2. Attitude: This is a very important aspect, as many techies are locked up in their own little world. Many are socially awkward, like characters in Dilbert or “Big Bang Theory,” and most much prefer to deal with the machines (where things are clean-cut binary) than people (well, humans can be really annoying). Some do not work well with others and do not know how to compromise at all, as they do not know how to look at the world from a different perspective. And there are a lot of lazy ones. Yes, lazy programmers are the ones who are more motivated to automate processes (primarily to support their laissez faire lifestyle), but the ones who blow the deadlines all the time are just too much trouble for the team. In short, a genius with a really bad attitude won’t be able to move to the business or the management side, regardless of the IQ score.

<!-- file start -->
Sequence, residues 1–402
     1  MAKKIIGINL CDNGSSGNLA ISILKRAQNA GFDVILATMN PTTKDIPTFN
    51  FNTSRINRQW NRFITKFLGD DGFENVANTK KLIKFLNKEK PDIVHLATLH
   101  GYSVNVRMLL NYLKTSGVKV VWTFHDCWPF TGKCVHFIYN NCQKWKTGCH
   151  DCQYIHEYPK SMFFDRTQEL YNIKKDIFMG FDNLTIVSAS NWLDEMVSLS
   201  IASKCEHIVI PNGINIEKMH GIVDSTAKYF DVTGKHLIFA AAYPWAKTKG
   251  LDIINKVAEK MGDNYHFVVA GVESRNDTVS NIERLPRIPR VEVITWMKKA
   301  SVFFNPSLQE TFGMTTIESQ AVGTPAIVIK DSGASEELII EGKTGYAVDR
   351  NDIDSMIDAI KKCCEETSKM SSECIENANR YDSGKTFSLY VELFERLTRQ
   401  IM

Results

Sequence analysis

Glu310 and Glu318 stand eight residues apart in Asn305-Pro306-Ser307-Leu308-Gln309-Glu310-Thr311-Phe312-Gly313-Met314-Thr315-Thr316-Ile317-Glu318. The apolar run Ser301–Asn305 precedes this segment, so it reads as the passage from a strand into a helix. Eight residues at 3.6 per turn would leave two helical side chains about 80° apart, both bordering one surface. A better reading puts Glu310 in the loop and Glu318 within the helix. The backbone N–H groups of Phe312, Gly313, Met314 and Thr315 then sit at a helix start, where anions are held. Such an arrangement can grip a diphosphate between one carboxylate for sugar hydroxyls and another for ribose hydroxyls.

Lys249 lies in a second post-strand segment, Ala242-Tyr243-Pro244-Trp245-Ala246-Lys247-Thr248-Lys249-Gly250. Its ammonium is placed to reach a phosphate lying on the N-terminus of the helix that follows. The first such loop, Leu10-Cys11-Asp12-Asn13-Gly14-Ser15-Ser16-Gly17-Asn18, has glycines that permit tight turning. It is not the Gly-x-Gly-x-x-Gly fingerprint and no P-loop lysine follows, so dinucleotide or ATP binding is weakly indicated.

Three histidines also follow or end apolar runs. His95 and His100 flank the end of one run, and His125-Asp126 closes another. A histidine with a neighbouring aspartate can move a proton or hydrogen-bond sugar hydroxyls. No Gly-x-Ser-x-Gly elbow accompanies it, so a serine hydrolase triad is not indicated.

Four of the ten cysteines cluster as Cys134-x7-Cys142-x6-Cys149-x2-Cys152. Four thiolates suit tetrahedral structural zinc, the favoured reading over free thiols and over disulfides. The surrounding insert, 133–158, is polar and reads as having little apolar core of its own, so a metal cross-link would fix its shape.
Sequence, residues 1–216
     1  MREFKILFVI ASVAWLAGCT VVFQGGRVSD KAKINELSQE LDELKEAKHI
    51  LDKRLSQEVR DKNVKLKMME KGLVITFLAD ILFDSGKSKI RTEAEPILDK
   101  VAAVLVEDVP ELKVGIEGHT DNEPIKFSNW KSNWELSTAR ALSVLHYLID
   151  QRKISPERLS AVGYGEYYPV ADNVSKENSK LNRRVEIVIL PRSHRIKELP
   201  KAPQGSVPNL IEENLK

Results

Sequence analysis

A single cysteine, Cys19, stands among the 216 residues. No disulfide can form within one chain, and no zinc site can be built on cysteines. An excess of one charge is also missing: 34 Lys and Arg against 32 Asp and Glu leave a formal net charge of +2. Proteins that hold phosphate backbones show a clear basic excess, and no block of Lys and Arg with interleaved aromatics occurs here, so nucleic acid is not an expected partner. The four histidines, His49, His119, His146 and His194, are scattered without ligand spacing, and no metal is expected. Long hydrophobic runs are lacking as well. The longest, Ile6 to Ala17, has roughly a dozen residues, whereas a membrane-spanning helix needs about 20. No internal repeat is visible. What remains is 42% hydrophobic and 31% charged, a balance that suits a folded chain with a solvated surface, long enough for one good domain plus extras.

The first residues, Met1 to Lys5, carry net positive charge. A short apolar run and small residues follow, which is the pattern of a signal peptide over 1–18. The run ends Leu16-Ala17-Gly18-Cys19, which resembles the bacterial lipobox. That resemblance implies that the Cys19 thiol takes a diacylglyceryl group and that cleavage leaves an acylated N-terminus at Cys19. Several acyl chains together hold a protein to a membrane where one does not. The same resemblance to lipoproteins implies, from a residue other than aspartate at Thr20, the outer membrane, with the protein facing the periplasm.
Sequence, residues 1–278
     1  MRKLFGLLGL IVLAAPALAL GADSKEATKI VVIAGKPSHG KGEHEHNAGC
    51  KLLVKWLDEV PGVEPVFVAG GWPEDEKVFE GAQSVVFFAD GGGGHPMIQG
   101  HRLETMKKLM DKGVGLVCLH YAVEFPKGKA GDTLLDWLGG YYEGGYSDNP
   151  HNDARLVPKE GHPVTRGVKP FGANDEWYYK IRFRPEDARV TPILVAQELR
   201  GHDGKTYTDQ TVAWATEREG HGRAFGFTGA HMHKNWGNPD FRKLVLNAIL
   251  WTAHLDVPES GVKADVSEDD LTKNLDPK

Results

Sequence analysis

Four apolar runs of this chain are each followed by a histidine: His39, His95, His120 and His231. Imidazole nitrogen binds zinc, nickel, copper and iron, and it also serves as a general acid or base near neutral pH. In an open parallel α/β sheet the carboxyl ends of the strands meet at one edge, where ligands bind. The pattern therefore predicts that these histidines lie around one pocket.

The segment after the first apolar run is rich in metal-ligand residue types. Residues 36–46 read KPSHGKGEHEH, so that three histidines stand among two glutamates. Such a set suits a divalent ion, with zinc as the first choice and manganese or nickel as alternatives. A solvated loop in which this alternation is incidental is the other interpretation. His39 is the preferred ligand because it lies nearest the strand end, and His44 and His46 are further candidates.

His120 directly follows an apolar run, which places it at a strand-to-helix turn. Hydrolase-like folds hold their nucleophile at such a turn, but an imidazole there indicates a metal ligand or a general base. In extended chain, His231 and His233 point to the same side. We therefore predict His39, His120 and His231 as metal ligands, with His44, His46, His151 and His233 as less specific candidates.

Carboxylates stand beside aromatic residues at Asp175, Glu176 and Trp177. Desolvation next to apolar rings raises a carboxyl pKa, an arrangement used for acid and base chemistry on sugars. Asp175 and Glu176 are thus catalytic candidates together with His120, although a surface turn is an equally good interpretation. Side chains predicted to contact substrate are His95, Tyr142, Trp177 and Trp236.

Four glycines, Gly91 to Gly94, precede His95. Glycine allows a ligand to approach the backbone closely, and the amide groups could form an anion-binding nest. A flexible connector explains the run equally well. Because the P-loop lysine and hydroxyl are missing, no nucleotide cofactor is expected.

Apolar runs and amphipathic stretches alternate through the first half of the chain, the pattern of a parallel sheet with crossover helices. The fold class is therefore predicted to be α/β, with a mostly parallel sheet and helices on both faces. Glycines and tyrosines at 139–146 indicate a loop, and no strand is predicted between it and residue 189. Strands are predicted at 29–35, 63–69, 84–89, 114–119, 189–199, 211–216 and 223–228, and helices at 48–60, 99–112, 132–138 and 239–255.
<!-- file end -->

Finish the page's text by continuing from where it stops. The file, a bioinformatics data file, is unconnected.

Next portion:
3. Communication: Many technical folks are not good at written or verbal communications. I am not talking about just the ones who are foreign-born (like me), even though most technically oriented departments are full of them. The issue is many technical people (yes, even the ones who were born and raised in the U.S., speaking English) do not communicate with the rest of the world very well. Many can’t explain anything without using technical jargon, nor can they summarize messages to decision-makers. Businesspeople don’t need to hear the life story about how complex the project was or how messy the data sets were. Conversely, many techies do not understand marketers or businesspeople who speak plain English. Some fail to grasp the concept that human beings are not robots, and most mortals often fail to communicate every sentence as a logical expression. When a marketer says “Omit customers in New York and New Jersey from the next campaign,” the coder on the receiving end shouldn’t take that as a proper Boolean logic. Yes, obviously a state cannot be New York “and” New Jersey at the same time. But most humans don’t (or can’t) distinguish such differences. Seriously, I’ve seen some developers who refuse to work with people whose command of logical expressions aren’t at the level of Mr. Spock. That’s the primary reason we need business analysts or project managers who work as translators between these two worlds. And obviously, the translators should be able to speak both languages fluently.